The FDA has approved Tradjenta (linagliptin) tablets to control blood sugar in adults with diabetes type two – to be used along with diet and exercise, Boehringer Ingelheim Pharmaceuticals, Inc. and Eli Lilly announced today. Tradjenta can be used on its own or together with metformin, sulfonylurea or pioglitazone.

Linagliptin was shown to reduce hemoglobin A1C (HbA1C or A1C) levels up to 0.7% when compared to a placebo. A1C gives an indication on how well the diabetes patient has been able to control blood sugar during the last two to three months.

Tradjenta is not indicated for individuals with diabetic ketoacidosis or those with type 1 diabetes. The drug has not been tested in combination with insulin.

Tradjenta is a DPP-4 (dipeptidyl peptidase-4) inhibitor. Boehringer Ingelheim says it is the first type of DPP-4 inhibitor to be approved at one dosage strength – which in this case is 5mg, once a day. Those with kidney or liver impairment do not need to adjust the dosage.

Tradjenta tablets can be taken with or without food. They increase incretin levels, subsequently raising insulin levels after eating and throughout the day.

John Gerich M.D., professor of medicine, University of Rochester School of Medicine, said:

“Many people with type 2 diabetes are not able to control their blood sugar with diet and exercise alone and may also require one or more medications. The FDA approval of TRADJENTA is exciting because there is only one dose to remember for all patients, regardless of kidney or liver impairment. With TRADJENTA, physicians will have another option for managing type 2 diabetes, a potentially devastating condition.”

The FDA (Food and Drug Administration) approved Tradjenta 5mg once a day after it evaluated a clinical program consisting of approximately 4,000 adults with diabetes type 2. Placebo-controlled studies which evaluated Tradjenta on its own and along with other medications for type 2 diabetes, such as metformin, sulfonylurea or pioglitazone, were included in the program.

When used on its own (monotherapy), Tradjenta demonstrated significant A1C reductions of up to 0.7%. When taken along with metformin, sulfonylurea, and metformin plus sulfonylurea; tradjenta brought about A1C reductions of 0.6%, 0.5%, and 0.6% respectively (against a placebo).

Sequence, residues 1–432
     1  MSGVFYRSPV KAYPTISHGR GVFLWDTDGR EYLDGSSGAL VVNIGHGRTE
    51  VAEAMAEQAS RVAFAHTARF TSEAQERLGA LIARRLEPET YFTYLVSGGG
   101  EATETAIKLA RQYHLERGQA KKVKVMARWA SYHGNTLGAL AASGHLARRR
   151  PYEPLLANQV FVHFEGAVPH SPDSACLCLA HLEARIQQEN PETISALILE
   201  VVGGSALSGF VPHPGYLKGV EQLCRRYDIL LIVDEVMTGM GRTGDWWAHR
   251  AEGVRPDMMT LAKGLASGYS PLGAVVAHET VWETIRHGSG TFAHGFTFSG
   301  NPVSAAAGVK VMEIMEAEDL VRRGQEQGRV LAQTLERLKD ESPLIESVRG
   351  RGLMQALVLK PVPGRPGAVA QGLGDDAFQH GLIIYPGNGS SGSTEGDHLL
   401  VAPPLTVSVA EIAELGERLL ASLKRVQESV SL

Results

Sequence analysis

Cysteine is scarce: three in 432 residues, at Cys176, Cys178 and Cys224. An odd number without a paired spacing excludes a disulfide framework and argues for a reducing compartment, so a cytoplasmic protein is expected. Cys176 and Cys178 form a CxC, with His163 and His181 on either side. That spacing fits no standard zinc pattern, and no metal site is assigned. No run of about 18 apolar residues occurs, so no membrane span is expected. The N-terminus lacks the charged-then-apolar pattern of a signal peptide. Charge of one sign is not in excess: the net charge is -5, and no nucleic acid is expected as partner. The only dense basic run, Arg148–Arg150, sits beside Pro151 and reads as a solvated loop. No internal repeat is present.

Tradjenta was also shown to have these benefits:

  • Monotherapy or in combination with metformin, sulfonylurea or pioglitazone – significant reductions in FPG (fasting plasma glucose), compared to a placebo. FPG is used to measure glucose levels after long periods without eating, such as when the patient wakes up in the morning.
  • Monotherapy or in combination with metformin – significant reductions in 2-hour PPG (post-prandial glucose). PPG is used to measure the patient’s glucose levels after eating, typically two hours after food.

Mary Parks, M.D., director of the Division of Metabolism and Endocrinology Products in the FDA’s Center for Drug Evaluation and Research, said:

“This approval provides another treatment option for the millions of Americans with Type 2 diabetes. It is effective when used alone or when added to existing treatment regimens.”

According to the FDA, an FDA-apprved Patient Package Insert, explaining the medication’s uses and risks will be included when the drug is dispensed.
Tradjenta’s most common side effects included headache, muscle pain, sore throat, runny nose, stuffy nose, upper respiratory tract infection.

Sources: Food and Drug Administration, Eli Lilly

Written by Christian Nordvist